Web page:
Skinny-Legs-Spaghetti talks too much. She minds everybody’s business, and listens at doors. I hate Skinny-Legs-Spaghetti. I don’t want her to Elite FemDom talk to me anymore. Nobody understands why I am depressive least of all me. Every secret chance I get I live on the edge vicariously through other people who assume wrong impressions like the aesthetic mishap that an artist painted on canvas of his subject like that of the narcissist Dorian Grey. The drowned, disowned; those who inherited a fate like tortured public perverts and fade away. Their black hearts and dark minds and black tongues, their weak and panic-stricken hearts racing. Money is their aphrodisiac, their dirty mouths filled with secrets and lies, they live at high speed, electric and in sunlight they can even be angelic and night time their beauty is on fire.
No one knows the meaning of this life. Life Elite Dominatrix and death. The hobo curled up sleeping in a heap at the mosque is not letting us on the bigger picture. We are doing field research for my father on the next book he is writing. I am happy to be an interloper learning about my father’s past, our country’s painful history, the sorrow that yielded the strange, unforgiving stillness here by this fig tree that I am so touched by. The hateful images of these injustices of Apartheid and the Group Areas Act stay long after. From here you can see the harbour, fishing boats bopping up and down on the choppy waves still untouched in another passage in eternity.
The inner city has become an underground sin city, a ghost world, neon glowing urban and a wasteland wilderness. Pimps and drug-dealers, handsome, well heeled, well dressed, talk to a buyer on their cell phone. They are masters of disguise, vanishing acts, disappearing into thin air.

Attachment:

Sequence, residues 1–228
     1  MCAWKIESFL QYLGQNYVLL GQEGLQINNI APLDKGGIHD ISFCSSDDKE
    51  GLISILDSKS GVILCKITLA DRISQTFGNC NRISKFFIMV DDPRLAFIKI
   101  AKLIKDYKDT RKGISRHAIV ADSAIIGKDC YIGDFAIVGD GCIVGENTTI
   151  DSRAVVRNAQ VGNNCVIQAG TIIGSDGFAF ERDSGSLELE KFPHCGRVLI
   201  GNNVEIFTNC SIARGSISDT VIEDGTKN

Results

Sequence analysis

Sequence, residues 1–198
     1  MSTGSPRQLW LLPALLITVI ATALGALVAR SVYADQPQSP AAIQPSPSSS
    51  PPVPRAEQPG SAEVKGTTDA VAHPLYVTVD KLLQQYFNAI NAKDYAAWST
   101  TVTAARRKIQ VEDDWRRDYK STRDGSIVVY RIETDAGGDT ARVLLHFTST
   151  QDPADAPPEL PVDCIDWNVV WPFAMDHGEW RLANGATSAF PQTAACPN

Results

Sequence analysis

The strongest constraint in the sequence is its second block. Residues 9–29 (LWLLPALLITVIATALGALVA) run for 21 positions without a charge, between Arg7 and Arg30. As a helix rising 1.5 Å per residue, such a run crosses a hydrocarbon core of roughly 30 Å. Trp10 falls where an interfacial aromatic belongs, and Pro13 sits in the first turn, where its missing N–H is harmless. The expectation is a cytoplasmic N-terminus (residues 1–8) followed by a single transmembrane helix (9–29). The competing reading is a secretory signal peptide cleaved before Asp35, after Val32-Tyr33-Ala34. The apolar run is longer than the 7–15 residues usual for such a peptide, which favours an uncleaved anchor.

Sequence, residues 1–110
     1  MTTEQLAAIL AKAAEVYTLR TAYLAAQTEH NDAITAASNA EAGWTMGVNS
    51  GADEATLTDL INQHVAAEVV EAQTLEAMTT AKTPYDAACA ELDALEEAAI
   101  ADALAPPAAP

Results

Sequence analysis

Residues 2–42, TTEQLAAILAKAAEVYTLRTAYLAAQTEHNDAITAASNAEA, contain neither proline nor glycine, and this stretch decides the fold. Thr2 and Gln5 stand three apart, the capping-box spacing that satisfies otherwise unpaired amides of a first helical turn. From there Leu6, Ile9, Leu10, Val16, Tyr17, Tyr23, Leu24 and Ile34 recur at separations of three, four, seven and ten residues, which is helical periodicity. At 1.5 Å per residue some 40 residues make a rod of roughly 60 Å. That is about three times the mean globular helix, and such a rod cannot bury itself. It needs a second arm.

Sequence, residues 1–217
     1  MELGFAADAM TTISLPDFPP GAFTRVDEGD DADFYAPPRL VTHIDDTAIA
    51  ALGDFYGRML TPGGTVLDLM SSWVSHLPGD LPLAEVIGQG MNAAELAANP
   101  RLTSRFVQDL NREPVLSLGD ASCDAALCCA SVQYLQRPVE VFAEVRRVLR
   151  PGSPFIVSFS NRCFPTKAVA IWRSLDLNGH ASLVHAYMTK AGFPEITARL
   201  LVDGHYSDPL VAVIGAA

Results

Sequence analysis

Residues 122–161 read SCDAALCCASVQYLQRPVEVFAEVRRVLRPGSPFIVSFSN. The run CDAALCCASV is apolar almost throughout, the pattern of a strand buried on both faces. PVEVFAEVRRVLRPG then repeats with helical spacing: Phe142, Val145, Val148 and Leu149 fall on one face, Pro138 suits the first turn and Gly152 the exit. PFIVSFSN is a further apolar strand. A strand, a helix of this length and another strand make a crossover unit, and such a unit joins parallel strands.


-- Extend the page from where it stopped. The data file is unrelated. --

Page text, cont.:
Thin prostitutes, prostitutes with slippery, shiny hair that falls down their back, curly, blonde, dyed, who don wigs, with beautiful, shiny, healthy afros, with their thigh high leather scuffed boots that skim their miniskirts or jeans, wasted or high, or pregnant, their foreheads invisible by a dark-haired, blonde, blunt fringe. Their lives are for rent. They do not smile or laugh; they draw invisible motifs of pretty and red tattoos on their skin with a needle or a chipped and dirty fingernail. They toss their hair back from their faces made-up with dirty make-up, their lies, vulnerability, tenderness is transparent and their shoulder blades are cool.
The criminal world of the drug dealers, some of who were immigrants, revealed to me that they had a celebrated affliction to harm not out of spite but out of a backward, awkward survival mechanism. They were self-styled nomads, hunters, warriors, gatherers and dreamers, survivors and freedom fighters trapped, trying against all odds to flee entrapment with a mechanical urgency, with the wisdom of awesome and powerful beasts. The way they viewed the world was not fresh and clean. Like the food they ate was neither a feast nor did it sate their appetite. The money that came to them, the more problems they saw.
There is a lifetime of ambition there of a prostitute using her mind at the devotion of her soul. They are artistic, sadistic voyeurs, fragile, their all-consuming greed, hunger attractive and yet, unspeakable. Their lifestyle is forbidden yet it is still permissive. It is frozen in time from the golden and ancient days of mistresses and courtesans. In the walls of the rooms of their love, I imagine, as our car speeds past the cheap, dingy hotels, love is not giving. It is a painful pill to swallow, their breath is like a sweet but unwholesome mist, and their vision distorted and burns a host of disturbing and troublesome portrayals of people on their brains that does not give any psychological relief.